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The Concept Of “Audience Fragmentation” Is Bullshit
I was trying to put this in as eloquent way as possible, but no matter how hard I may try not to use it, sometimes the sledgehammer approach is the most effective thing you can use. So here it is: Our concept of fame is out of date, and it’s not for the reason you think. It has everything to do with what we often refer to as “audeience fragmentation” in the media / marketing world.
So, let’s start there …
I came to this conclusion this morning after I saw someone passing around a recent Seth Godin article. I’m not going to say who they were, and I’m not going to link to it because that would give it credence and SEO juice. I know journalists are all about linking to everything, but I’m not a journalist, and I don’t think some of them fully appreciate how meaningful a link is from their site in the eyes of Google. That’s why I feel like whenever people talk about anti-vaccers, climate change deniers, or fans of Joss Whedon*, you shouldn’t link to their bullshit. It just tells Google to make it easier to find. Google doesn’t care that the thing you’re linking to is bullshit, it just cares that a credible site is linking to a way less credible one and values the less credible one better.
(*I’m totally kidding. I don’t know if I’m totally sold on Buffy yet, as I’m just now getting around to watching it, but I really liked Dr. Horrible’s Singalong-Blog and The Avengers.)
In the Godin post, he’s basically saying the same dumb thing he was saying twelve years ago. Almost verbatim. So how he’s convincing people to pass around his stuff without saying anything new for years, ditto with Guy Kawasaki, is pretty amazing, but no less dangerous.
What he’s saying is that the mass media is going away, as is the mass audience. But it got me thinking. Is that really true? Nope. It’s Not. Not at all.
The media and advertising agencies like to talk about audience fragmentation obsessively, but let’s disqualify advertising agencies because a lot of them are honestly dumb. Especially when it comes to the digital stuff. So they don’t really know what they’re talking about (with a few exceptions here and there.)
The media fundamentally doesn’t understand digital. I think at this point that should be obvious to even the most casual observer. You can find proof of that just in the sheer volume of pro-social media posts they crank out in spite of the facts.
So let me ask you, because I know you’re smart if you’re reading this. You get it. Where did this fragmentation myth come from?
You think it’s clear from declining television ratings? Are you sure? Because the NFL, particularly with the Super Bowl, has been putting up monster numbers, consistently setting television ratings records in the process. (And let’s not forget the record ratings set on cable for the College Football Championship game.)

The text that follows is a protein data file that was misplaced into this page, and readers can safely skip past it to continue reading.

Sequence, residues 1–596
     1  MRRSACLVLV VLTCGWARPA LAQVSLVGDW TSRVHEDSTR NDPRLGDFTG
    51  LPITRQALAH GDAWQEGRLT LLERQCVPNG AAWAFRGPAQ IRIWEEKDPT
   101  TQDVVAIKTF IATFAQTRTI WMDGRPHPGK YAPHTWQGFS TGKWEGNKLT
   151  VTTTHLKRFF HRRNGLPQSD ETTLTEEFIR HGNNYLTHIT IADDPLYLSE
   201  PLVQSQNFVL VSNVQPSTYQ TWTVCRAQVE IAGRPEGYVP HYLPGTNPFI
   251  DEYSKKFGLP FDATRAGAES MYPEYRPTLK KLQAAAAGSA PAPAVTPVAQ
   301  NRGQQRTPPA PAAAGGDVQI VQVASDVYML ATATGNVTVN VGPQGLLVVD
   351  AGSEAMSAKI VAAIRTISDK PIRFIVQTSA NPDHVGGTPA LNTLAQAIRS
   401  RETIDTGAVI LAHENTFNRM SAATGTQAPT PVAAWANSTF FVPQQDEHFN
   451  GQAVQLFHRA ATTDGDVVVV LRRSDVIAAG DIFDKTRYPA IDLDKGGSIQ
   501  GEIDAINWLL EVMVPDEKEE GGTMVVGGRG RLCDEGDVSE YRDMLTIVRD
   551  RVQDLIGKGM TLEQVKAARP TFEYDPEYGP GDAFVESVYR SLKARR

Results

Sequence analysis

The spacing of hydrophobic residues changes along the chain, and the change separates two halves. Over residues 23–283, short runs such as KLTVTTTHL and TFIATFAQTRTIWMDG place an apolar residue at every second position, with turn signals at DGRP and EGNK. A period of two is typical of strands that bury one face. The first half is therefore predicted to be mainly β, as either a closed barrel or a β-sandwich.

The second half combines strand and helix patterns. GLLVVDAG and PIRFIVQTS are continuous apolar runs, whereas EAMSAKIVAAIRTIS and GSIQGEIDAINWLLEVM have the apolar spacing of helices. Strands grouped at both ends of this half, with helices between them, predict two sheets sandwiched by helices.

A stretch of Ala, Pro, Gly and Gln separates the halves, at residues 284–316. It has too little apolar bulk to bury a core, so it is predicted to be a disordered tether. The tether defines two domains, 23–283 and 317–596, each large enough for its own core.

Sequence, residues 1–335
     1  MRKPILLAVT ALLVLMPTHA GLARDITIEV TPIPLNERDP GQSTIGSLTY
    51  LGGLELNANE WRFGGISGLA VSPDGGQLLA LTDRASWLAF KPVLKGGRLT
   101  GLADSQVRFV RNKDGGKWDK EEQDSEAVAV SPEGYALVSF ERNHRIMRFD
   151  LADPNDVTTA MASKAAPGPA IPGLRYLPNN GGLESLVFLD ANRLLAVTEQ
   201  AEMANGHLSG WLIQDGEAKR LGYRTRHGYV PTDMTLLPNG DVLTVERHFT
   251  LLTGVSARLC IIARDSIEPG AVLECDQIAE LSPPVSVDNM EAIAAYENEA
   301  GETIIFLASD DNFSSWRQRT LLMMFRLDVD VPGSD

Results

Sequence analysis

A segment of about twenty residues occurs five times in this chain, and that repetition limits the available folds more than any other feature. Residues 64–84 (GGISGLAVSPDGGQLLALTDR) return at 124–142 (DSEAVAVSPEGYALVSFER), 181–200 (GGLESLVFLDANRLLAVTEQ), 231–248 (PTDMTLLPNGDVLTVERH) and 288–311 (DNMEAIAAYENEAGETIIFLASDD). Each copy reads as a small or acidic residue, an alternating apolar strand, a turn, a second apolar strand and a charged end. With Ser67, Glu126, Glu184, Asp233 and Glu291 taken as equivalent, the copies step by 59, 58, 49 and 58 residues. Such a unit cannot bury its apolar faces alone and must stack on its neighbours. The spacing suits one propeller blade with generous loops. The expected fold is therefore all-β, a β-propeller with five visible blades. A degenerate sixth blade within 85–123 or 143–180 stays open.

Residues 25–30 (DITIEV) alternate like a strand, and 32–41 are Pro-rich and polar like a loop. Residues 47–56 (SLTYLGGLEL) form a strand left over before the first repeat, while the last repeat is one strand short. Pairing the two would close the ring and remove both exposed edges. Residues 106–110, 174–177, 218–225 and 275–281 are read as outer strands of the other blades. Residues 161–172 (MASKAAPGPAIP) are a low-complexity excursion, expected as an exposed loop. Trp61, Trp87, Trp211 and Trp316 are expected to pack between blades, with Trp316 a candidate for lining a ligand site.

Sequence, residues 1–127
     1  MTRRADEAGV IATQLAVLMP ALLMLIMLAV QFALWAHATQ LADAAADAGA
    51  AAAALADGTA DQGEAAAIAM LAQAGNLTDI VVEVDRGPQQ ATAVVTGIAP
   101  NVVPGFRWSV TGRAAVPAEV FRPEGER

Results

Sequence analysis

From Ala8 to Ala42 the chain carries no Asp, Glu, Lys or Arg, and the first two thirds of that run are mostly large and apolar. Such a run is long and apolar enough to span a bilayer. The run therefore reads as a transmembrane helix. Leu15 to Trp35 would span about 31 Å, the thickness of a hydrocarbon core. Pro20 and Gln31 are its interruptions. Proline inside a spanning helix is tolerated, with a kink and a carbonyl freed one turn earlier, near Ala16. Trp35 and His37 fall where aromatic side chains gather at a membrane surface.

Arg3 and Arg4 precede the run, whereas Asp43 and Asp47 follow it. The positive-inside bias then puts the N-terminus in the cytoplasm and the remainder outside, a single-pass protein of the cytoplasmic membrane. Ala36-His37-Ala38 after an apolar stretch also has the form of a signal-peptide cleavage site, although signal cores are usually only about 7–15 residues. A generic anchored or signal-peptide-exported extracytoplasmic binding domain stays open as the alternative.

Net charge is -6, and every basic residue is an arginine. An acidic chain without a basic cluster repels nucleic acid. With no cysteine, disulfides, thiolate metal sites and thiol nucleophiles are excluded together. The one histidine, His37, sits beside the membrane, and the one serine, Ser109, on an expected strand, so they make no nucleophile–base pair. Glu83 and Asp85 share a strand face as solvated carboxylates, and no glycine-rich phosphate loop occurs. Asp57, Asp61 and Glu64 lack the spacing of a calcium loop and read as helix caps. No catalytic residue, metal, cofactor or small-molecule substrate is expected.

People are watching The Walking Dead on cable and not a broadcast network? Surely that must prove the theory true, right? Nope. Also monster numbers set on a fairly routine basis. At one point The Walking Dead reached 28 million weekly viewers. Those are Seinfeld numbers. Remember that because we’ll get back to that in a moment.
When you look at some of your favorite shows and factor in the DVR numbers, Hulu views, and other views (like if you downloaded The Venture Brothers on iTunes like I do and watch episodes of it), are the viewing numbers really that far off from what they were when guys like Godin talk about “the good old days”*?
(*I have a lot of skepticism about that too. Just look at Tupperware and how they grew. Sure they had commercials, but what fueled their growth were the Tupperware parties that they threw. We also can’t somehow discount, just because it’s convenient to the media fragmentation narrative, that there were simply fewer products back then too. So a drop in sales for brands compared to the 50’s, for example, to today, has to factor that in. It also has to factor in that society was different back then and it’s a dynamic and fluid thing, so you can’t fairly compare people today and people then because a lot of other things beyond their TV consumption is different. That’s why I get crazy when people try to argue about who the greatest baseball player is. You can’t do it. The game changed numerous times and continues to change.
Each era may have their greats, but the greatest of all time across all eras? Forget it. You can’t do that. You can’t compare Roger Maris to Sammy Sosa, and really you can’t compare Sammy Sosa to Ryan Braun, even though both of them were using steroids. They my have that commonality, but there are a ton of other things that are different. Same deal with people using TV ratings as a baseline metric to push these dumb, sweeping narratives.)